Dr John Cummins
Dr John Cummins

F or years, bushwalking enthusiasts from the Bar and the judiciary have enquired about whether the Bar Association had a bushwalking group. The call to action was answered in 2021.

group of bushwalking enthusiasts

A much needed addition to the Bar’s social calendar

The Wellbeing Committee announced the formation of the Bar Bushwalking Group as part of its collegiality program, as well as to support members to live a balanced and healthy lifestyle.

Bushwalking (also known as hiking, rambling, trekking or even 'forest bathing' as the Japanese colourfully describe it) is the perfect antidote to the demanding work of the Bar. Renowned for having positive effects on physical and mental health, research shows walking in nature can improve fitness levels, reduce stress hormones, and increase creativity. Moreover, bushwalking with colleagues permits conversations to flow and happen outside the usual hustle and bustle of everyday worklife.

Walkers on the hike

Bushwalking keeps your mind sharp in a way other exercise does not, because it involves navigating unpredictable terrain. Negotiating overhanging branches, slippery dirt, trail markers, or animals crossing your path requires you to adjust along the way, which is good for your brain.

Eighteen months into the COVID-19 pandemic, and in the middle of the latest NSW lockdown, it is unsurprising that there are fewer organic opportunities to connect with other barristers. For those members who have shifted their practice to predominantly work from home, and for junior members of the Bar, the Bar Bushwalking Group provides a unique opportunity to meet and mingle and explore some of the large network of bushwalking tracks in New South Wales.

Another advantage of bushwalking is that, unlike other organised activities requiring agility or proficiency in a particular skill, it only requires taking that first step and following it with another. The appeal of bushwalking transcends age, gender, and even practice area, and permits us to invite partners, friends and family as well.

Bushwalkers trekking

A walk to remember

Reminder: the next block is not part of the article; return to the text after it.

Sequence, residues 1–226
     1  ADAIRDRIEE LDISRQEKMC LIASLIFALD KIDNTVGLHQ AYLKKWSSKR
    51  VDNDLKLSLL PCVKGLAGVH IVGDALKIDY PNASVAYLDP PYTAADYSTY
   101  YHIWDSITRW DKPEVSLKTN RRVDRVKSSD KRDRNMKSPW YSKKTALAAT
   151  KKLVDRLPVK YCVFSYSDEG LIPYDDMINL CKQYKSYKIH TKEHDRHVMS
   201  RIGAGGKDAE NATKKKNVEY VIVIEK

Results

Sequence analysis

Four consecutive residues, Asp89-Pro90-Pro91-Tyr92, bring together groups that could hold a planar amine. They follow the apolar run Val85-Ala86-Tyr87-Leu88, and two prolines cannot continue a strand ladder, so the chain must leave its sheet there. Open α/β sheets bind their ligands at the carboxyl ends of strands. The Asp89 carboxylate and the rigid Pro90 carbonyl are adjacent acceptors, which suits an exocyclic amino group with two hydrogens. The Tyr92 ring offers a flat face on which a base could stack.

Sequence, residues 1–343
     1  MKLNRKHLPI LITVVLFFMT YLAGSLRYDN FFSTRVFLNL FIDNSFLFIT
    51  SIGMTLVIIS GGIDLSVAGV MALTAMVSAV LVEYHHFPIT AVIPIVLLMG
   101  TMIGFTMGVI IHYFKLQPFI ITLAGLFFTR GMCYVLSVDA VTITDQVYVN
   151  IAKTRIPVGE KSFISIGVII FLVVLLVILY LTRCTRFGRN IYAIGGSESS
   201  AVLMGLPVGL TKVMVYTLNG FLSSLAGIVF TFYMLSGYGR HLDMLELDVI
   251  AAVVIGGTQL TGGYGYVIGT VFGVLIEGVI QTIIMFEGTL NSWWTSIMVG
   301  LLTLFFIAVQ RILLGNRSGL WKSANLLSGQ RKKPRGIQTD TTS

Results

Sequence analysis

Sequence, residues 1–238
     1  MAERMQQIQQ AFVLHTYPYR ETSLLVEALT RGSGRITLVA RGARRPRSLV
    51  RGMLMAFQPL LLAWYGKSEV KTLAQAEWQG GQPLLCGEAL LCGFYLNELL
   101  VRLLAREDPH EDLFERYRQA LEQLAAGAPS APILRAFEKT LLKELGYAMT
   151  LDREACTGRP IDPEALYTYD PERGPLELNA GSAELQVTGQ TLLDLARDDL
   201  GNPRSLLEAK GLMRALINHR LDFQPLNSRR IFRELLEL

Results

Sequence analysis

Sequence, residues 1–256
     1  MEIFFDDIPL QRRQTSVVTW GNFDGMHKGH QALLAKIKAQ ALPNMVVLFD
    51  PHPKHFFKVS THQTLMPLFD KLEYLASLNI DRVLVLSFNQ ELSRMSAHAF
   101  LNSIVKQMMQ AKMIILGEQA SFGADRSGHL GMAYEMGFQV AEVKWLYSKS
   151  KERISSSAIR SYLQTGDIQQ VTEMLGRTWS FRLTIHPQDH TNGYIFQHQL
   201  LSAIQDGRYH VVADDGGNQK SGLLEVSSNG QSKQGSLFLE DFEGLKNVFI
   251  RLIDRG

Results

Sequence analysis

The inaugural walk took place on Sunday

2 May 2021 at the heritage-listed Manly Dam Reserve.

Manly Dam Reserve is a hidden gem in Sydney’s Northern Beaches. The walking track overall is well managed and offers spectacular scenic views over Manly Reservoir, which sparkled in the beautiful autumn weather.

Undeterred by the runners completing the Sydney Trail Series (which was taking place at the same time), approximately 20 barristers and their families set off at 10am around the seven-kilometre circuit trail.

The diverse trail includes sandy flat terrain, elevated boardwalks through the wetlands and across the Dam, and short climbs and descents on rock steps leading to a picturesque waterfall.

Yellow flower specie

Pausing to enjoy the scenery and snacks, our resident native flora expert,

David Pritchard SC, proved Latin does have a use outside of the courtroom, educating the group on various spectacular native flowers.

Finally, the leisurely three-hour walk was topped off with a sausage sizzle, cooked by experienced grillers Tim Castle SC and Robert White. The Bar Bushwalking Group is grateful to the Bar Association for its support in hiring the barbeque area.

Bushwalkers having barbecue

Put on your walking boots

Organised by seasoned bushwalkers David Pritchard SC, Tim Castle SC, Robert White, and Leah Reid (and ably supported by the Bar Association’s Chris Winslow) the group aims to hold at least three walks each year of easy to moderate difficulty. The next walks are scheduled to take place on:

  • Sunday, 1 August 2021 in the Royal National Park; and
  • Sunday, 7 November 2021 at the Sassafras Gully Loop, Springwood (Blue Mountains).

The Bar Bushwalking Group looks forward to welcoming new members and their family and friends. Registration for the remaining two walks is essential – look on the Bar Association website and InBrief for more details.

Depending upon the level of enthusiasm, there may be the opportunity for the Group to organise smaller, more demanding walks (which could, for example, involve overnight or even longer interstate trips).

On a final note, the organisers are looking for a name to call ourselves – the Bar Bushwalking Club (BBC) is probably not appropriate. All suggestions welcome!

Bar Bushwalking group